A desirable characteristic of a measuring CT is that it should “saturate” when the primary current exceeds the percentage of rated current specified as the upper limit to which the accuracy provisions apply. This means that at these higher levels of primary current the secondary current is les than proportionate. The effect of this is to reduce the extent to which any measuring device connected to the CT secondary is subjected to current overload.
On the other hand the reverse is required of the protective type CT, the principal purpose of which is to provide a secondary current proportional to the primary current when it is several, or many, times the rated primary current. The measure of this characteristic is known as the “Accuracy Limit Factor” (A.L.F.). A protection type CT with an A.L.F. of 10 will produce a proportional current in the secondary winding [subject to the allowable current error] with primary currents up to a maximum of 10 times the rated current.
Preferred primary and secondary current ratings [and therefore ratios], classes, burdens and accuracy limit factors are defined in BS3938 and other comparable national standards, together with other minimum performance requirements, physical construction requirements, etc.
It should be remembered when using a CT that where there are two or more devices to be operated by the secondary winding, they must be connected in series across the winding. This is exactly the opposite of the method used to connect two or more loads to be supplied by a voltage or power transformer where the devices are paralleled across the secondary winding.
With a CT, an increase in the burden will result in an increase in the CT secondary output voltage. This is automatic and necessary to maintain the current to the correct magnitude. Conversely, a reduction in the burden will result in a reduction in the CT secondary output voltage.
This rise in secondary voltage output with an increase in burden means that, theoretically, with infinite burden as is the case with the secondary load open circuit, an infinitely high voltage appears across the secondary terminals. For practical reasons this voltage is not infinitely high, but can be high enough to cause a breakdown in the insulation between primary and secondary windings or between either or both windings and the core. For this reason, primary current should never be allowed to flow with no load or with a high resistance load connected across the secondary winding.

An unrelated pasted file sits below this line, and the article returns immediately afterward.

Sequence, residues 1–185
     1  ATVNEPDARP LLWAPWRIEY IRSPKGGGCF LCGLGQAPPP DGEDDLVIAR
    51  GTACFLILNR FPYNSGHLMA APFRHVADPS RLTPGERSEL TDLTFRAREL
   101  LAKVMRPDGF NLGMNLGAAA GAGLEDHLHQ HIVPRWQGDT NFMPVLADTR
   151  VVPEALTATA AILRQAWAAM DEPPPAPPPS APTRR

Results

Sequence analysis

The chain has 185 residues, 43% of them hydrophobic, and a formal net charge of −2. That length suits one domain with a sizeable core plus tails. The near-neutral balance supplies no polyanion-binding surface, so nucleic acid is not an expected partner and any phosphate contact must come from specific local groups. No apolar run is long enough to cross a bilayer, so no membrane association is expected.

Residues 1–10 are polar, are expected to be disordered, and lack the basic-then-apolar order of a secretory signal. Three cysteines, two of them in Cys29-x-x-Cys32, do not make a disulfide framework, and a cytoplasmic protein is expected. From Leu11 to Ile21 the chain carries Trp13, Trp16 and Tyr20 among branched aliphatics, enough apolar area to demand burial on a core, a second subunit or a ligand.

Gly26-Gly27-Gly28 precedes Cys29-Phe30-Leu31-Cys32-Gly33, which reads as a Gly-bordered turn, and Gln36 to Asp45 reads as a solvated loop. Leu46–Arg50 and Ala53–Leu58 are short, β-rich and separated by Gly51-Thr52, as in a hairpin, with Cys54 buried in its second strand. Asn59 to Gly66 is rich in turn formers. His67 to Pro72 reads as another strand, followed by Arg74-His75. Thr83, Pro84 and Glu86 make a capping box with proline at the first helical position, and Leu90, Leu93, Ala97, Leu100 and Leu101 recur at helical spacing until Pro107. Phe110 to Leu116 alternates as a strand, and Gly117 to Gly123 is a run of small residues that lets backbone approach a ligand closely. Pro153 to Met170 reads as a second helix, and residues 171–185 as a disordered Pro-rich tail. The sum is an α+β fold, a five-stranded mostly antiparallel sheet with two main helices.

CTs should be specified as follows:

RATIO: input / output current ratio

VA: total burden including pilot wires.

CLASS: Accuracy required for operation

DIMENSIONS: maximum & minimum limits

Metering CTs

In general, the following applies:

• 0.1 or 0.2 for precision measurements
• 0.5 for high grade kilowatt hour meters for commercial grade kilowatt hour meters
• 3 for general industrial measurements
• 3 or 5 for approximate measurements

Protection CTs

In addition to the general specification required for CT design, protection CT’s require an Accuracy Limit Factor (ALF). This is the multiple of rated current up to which the CT will operate while complying with the accuracy class requirements.

In general the following applies:

• Instantaneous overcurrent relays & trip coils - 2.5VA Class 10P5
• Thermal inverse time relays - 7.5VA Class 10P10
• Low consumption Relay - 2.5VA Class 10P10
• Inverse definite min. time relays (IDMT) overcurrent - 15VA Class10P10/15
• IDMT Earth fault relays with approximate time grading - 15VA Class10P10
• IDMT Earth fault relays with phase fault stability or accurate time grading required - 15VA Class 5P10

Wednesday, 12 November 2014

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The star delta starting is a very common type of starter and extensively used, compared to the other types of the starters. This method used reduced supply voltage in starting. of a 3phase induction motor with a star – delta starter. The method achieved low starting current by first connecting the stator winding in star configuration, and then after the motor reaches a certain speed, throw switch changes the winding arrangements from star to delta configuration. By connecting the stator windings, first in star and then in delta, the line current drawn by the motor at starting is reduced to one-third as compared to starting current with the windings connected in delta. At the time of starting when the stator windings are start connected

Working Principal of Star-Delta Starter: